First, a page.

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  • February 17, 2014

    The purpose of art is to help us better to enjoy our lives, or better to endure them.

    — Samuel Johnson

    ARTISTICALLY SPEAKING, I’m emerging – slowly – from a long winter funk. But I took a swig of fresh-pressed apple cider this afternoon, and it helped me to stop brooding for a moment and to recall some happy moments of boyhood.

    Our family lived as rent-paying tenants on a gentleman’s farm outside Philadelphia, along the wealth-soaked right-of-way of the Pennsylvania Railroad, known colloquially as the Main Line. Our landlord was some kind of a tycoon, now retired, who seemed to spend his days sitting in an easy chair in his sun-porch reading the newspaper.

    About the only crops produced on this gentleman’s farm at this point in its history were apples. Red Delicious, I believe. Being budding entrepreneurs, but lacking sophistication in the natural order of things, my brothers and I used to pick apples from our landlord’s orchard and try to sell them to passing motorists at the end of the long driveway.

    One day, the landlord paused in his chauffeured limousine at our little apple stand. He was very nice to us. “So,” he asked, “where did you boys get these lovely apples you’re selling?”

    Being Cub Scouts at the time, we answered honestly and in detail.

    That evening, my dad got a phone call from the landlord. I don’t know about the substance of that call, but our little fruit-vending enterprise came to a screeching halt from that day forward. We had a little talk about the meaning of private property.

    Anyway, about the swig of cider that prompted this little outburst...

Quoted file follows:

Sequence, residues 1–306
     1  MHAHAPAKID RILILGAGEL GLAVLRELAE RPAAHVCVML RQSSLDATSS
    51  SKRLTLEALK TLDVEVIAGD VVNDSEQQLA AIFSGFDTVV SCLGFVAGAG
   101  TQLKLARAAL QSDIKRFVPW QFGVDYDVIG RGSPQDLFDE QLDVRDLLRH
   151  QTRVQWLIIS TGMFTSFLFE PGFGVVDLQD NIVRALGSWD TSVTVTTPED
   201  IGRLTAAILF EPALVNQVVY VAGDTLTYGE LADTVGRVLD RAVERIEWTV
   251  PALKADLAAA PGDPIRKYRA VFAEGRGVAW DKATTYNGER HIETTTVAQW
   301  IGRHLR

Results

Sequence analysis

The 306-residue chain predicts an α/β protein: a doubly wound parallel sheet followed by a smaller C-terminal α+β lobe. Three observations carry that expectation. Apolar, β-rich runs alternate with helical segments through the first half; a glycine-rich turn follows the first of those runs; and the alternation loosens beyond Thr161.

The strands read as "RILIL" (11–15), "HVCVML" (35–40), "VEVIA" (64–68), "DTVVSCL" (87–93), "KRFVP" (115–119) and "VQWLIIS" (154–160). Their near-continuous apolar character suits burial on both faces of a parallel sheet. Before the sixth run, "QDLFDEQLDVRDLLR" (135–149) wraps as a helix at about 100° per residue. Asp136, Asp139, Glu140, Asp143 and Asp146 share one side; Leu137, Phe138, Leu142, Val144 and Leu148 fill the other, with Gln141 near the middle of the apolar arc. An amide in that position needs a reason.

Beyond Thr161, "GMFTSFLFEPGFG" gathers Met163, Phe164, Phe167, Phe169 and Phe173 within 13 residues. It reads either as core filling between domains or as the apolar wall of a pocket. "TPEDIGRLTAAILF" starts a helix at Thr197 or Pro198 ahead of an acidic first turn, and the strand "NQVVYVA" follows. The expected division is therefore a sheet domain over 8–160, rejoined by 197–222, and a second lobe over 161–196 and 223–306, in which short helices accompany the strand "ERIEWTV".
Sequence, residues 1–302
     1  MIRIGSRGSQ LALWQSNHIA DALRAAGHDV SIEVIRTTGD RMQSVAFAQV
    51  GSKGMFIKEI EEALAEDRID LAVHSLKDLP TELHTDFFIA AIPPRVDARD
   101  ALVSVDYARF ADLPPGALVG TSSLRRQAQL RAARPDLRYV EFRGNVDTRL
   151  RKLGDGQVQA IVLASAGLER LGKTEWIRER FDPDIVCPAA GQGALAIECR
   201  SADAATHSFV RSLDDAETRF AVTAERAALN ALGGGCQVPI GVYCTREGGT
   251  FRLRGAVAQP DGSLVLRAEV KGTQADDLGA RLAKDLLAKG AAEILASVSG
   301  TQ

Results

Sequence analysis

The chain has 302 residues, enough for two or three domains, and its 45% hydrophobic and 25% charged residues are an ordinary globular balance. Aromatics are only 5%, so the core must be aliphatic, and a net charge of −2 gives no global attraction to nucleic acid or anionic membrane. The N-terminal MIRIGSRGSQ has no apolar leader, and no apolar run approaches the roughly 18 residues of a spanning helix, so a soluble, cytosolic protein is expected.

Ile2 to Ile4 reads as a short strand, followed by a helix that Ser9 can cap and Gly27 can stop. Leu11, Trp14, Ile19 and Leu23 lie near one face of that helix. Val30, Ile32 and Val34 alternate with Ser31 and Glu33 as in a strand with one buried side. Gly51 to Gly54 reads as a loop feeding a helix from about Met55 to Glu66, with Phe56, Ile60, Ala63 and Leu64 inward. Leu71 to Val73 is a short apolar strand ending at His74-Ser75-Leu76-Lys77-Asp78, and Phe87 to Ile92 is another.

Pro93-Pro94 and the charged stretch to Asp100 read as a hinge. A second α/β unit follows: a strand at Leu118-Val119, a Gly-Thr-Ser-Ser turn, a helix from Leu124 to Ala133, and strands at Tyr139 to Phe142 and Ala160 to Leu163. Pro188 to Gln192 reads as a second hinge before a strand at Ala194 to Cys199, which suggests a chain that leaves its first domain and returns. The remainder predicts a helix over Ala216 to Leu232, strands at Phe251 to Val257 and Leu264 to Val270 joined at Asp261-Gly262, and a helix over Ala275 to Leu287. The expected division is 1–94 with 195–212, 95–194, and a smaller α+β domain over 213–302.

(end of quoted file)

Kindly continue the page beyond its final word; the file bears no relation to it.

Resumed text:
On a particular Sunday afternoon every October on our little semi-rustic gentleman’s farm outside Philadelphia, the gardener/caretaker pulled out an old-fashioned (I have no idea how old-fashioned) cider press from behind the John Deere tractor in the barn. His children and some colorful immigrant Irish farmhands brought bushels of apples from the orchard, and poured them into the press, and then the magic began.

    As the press was screwed down on the apples, the most amazing juice ran from the press, down the wooden chute, and into waiting gallon jugs. This went on for a good couple of hours, and in the end there were several dozen jugs of a rich, brownish liquid that, upon tasting, exploded into such mouth-watering delight that I never willingly drank store-bottled “apple juice” afterward.

    At the end of the session my two brothers and I each received a gallon of cider, with strict instructions to take it home and give it to our parents – a gesture of typical largesse from our landlord.

    Believe me, we never even thought about selling this stuff on the roadside. There was no price that could buy it.
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